The government has just released the latest figures for the number of rough sleepers in England and Wales in their Rough Sleeping Report Autumn 2015. This shows that 3,569 people were sleeping rough last autumn, of which 940 were in London. This is a 27% increase in London since autumn 2014. But charities that work in the homelessness sector, including members of the South London Day Centres Strategic Partnership, know that this is not the whole picture.
The Lewisham street count last November found only 9 rough sleepers. But since 1 December, the 999 Club Winter Night Shelter has taken in 63 homeless people, of whom 46 alone had a Lewisham connection. On the day of the actual street count in Wandsworth, Spires in Tooting Bec had 25 rough sleepers using its services – over 2.5 times the number of people included in the official count. These are much higher numbers than official figures suggest and give a better snapshot of the scale of the problem.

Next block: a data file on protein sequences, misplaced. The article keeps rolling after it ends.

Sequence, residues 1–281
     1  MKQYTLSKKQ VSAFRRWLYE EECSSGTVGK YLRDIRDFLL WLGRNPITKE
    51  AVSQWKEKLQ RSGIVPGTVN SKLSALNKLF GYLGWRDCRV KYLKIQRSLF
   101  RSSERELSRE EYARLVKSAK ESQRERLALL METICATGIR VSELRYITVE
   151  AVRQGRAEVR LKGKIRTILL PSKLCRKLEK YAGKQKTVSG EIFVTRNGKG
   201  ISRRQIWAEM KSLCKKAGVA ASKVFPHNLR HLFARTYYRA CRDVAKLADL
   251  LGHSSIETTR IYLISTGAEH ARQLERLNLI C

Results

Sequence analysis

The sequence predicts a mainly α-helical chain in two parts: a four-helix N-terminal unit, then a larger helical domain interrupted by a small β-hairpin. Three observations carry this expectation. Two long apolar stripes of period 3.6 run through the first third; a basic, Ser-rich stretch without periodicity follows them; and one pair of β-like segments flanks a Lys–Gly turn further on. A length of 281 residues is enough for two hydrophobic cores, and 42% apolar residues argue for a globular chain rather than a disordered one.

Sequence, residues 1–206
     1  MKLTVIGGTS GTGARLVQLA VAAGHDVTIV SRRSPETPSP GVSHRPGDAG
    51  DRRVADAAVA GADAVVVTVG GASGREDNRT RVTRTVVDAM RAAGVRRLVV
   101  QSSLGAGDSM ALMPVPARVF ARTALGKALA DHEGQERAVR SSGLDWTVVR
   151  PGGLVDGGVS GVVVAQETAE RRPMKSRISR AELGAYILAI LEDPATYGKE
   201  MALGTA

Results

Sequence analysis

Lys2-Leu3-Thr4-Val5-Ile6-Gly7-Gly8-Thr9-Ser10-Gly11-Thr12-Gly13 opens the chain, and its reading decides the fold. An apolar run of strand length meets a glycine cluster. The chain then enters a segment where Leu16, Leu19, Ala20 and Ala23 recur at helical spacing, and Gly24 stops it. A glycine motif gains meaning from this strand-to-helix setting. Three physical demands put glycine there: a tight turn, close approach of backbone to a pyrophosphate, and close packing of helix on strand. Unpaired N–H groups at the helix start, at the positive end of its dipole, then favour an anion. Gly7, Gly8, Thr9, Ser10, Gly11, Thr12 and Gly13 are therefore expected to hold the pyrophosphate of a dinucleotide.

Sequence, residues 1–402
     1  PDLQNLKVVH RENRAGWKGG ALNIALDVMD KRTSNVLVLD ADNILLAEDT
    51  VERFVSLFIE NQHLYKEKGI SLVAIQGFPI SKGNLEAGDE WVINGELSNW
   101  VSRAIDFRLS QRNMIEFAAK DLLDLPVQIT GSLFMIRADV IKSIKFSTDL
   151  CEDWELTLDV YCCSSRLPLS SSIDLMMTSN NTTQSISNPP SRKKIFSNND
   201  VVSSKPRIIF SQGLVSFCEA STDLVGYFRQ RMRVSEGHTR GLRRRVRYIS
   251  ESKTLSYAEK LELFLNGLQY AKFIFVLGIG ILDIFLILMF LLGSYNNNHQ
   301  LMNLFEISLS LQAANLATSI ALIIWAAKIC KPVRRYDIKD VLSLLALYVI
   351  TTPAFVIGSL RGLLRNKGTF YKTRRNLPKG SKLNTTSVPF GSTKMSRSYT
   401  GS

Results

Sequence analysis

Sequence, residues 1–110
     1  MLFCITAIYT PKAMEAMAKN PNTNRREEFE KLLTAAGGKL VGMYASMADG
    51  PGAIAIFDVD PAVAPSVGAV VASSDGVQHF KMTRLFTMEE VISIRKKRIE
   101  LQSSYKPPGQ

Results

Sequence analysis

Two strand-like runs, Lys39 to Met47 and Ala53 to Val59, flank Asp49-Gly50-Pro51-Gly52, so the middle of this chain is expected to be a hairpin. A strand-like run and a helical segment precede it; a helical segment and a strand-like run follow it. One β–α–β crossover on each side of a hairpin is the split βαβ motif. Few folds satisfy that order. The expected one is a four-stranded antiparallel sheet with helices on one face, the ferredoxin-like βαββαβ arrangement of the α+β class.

Peter Wood, Chief Executive of the 999 Club in Lewisham, said “rough sleepers are careful not to be found because they are afraid of being attacked. The figures will always give an incomplete picture. More important there is a huge population of hidden homeless, people who are staying with friends, sofa surfing and finding a temporary roof in other ways. These people drift on and off the street, their housing situation is highly unstable. The government needs to collect reliable data. The only organisations which can provide that are the organisations that work with homeless people, such as the 999 Club and Spires.”